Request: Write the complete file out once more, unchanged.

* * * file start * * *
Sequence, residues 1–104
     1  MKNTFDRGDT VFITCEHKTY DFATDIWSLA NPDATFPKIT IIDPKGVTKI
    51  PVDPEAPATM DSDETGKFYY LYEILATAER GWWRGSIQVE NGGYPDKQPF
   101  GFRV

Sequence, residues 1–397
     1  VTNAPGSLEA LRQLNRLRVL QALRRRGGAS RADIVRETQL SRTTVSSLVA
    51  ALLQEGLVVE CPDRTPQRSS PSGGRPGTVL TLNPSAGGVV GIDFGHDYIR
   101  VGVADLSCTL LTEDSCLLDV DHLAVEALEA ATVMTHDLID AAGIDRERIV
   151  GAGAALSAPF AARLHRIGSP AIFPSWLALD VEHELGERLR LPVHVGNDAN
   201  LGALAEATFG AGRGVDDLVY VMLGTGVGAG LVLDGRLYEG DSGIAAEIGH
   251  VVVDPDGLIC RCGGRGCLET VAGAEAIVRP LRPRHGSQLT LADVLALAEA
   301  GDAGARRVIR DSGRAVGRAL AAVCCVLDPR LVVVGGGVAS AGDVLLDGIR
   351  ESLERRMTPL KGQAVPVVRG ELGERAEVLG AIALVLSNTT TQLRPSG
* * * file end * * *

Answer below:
Sequence, residues 1–104
     1  MKNTFDRGDT VFITCEHKTY DFATDIWSLA NPDATFPKIT IIDPKGVTKI
    51  PVDPEAPATM DSDETGKFYY LYEILATAER GWWRGSIQVE NGGYPDKQPF
   101  GFRV

Sequence, residues 1–397
     1  VTNAPGSLEA LRQLNRLRVL QALRRRGGAS RADIVRETQL SRTTVSSLVA
    51  ALLQEGLVVE CPDRTPQRSS PSGGRPGTVL TLNPSAGGVV GIDFGHDYIR
   101  VGVADLSCTL LTEDSCLLDV DHLAVEALEA ATVMTHDLID AAGIDRERIV
   151  GAGAALSAPF AARLHRIGSP AIFPSWLALD VEHELGERLR LPVHVGNDAN
   201  LGALAEATFG AGRGVDDLVY VMLGTGVGAG LVLDGRLYEG DSGIAAEIGH
   251  VVVDPDGLIC RCGGRGCLET VAGAEAIVRP LRPRHGSQLT LADVLALAEA
   301  GDAGARRVIR DSGRAVGRAL AAVCCVLDPR LVVVGGGVAS AGDVLLDGIR
   351  ESLERRMTPL KGQAVPVVRG ELGERAEVLG AIALVLSNTT TQLRPSG